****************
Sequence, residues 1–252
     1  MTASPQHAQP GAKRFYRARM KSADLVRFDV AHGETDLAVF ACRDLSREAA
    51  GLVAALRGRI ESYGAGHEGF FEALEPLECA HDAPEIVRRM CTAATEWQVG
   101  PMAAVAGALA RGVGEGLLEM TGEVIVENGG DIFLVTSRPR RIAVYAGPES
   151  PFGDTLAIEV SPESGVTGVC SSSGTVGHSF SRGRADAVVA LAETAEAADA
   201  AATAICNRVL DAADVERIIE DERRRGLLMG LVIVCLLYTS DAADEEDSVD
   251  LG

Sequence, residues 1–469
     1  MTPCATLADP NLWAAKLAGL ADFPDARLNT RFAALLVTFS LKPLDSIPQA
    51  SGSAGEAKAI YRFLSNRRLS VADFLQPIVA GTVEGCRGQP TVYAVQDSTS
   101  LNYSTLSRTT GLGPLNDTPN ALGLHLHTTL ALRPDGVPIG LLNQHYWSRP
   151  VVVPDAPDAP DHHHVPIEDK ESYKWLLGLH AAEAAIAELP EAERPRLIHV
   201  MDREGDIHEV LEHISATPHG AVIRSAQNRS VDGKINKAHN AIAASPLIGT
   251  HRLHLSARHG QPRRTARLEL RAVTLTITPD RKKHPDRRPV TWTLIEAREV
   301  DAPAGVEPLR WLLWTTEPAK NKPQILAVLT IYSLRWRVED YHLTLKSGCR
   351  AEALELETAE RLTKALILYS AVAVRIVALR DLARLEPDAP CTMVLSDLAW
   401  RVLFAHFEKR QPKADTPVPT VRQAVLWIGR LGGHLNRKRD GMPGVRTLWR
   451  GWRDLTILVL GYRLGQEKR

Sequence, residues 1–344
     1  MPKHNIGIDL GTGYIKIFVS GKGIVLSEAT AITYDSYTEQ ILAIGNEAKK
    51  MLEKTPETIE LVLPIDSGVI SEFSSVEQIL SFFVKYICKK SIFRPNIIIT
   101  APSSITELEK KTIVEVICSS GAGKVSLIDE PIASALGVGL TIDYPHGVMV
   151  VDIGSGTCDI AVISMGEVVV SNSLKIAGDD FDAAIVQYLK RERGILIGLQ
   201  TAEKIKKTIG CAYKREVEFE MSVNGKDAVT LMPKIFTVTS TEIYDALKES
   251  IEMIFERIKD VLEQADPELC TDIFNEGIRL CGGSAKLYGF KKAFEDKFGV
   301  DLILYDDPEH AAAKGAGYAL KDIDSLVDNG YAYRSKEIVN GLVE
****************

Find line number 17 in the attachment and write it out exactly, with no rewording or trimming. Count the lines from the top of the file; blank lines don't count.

   401  RVLFAHFEKR QPKADTPVPT VRQAVLWIGR LGGHLNRKRD GMPGVRTLWR